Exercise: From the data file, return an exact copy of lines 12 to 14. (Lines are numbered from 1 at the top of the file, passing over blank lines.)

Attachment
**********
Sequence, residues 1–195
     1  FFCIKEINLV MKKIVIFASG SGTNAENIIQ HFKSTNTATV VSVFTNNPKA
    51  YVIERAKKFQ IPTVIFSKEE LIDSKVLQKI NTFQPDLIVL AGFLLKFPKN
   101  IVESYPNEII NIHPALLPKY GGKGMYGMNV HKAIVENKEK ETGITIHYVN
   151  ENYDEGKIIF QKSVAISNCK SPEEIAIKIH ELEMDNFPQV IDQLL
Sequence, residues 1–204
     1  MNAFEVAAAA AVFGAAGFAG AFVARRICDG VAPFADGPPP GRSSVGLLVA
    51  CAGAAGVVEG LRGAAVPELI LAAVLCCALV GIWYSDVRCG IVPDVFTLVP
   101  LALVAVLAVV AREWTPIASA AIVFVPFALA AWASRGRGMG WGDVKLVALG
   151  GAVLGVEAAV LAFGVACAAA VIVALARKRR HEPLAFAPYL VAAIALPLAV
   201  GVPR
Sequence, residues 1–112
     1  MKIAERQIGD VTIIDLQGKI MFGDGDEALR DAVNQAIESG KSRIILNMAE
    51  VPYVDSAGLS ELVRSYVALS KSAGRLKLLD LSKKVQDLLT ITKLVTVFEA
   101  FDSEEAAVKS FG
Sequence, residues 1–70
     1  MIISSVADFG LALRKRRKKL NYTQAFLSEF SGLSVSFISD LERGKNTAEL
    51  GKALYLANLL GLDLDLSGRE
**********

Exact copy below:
Sequence, residues 1–112
     1  MKIAERQIGD VTIIDLQGKI MFGDGDEALR DAVNQAIESG KSRIILNMAE
    51  VPYVDSAGLS ELVRSYVALS KSAGRLKLLD LSKKVQDLLT ITKLVTVFEA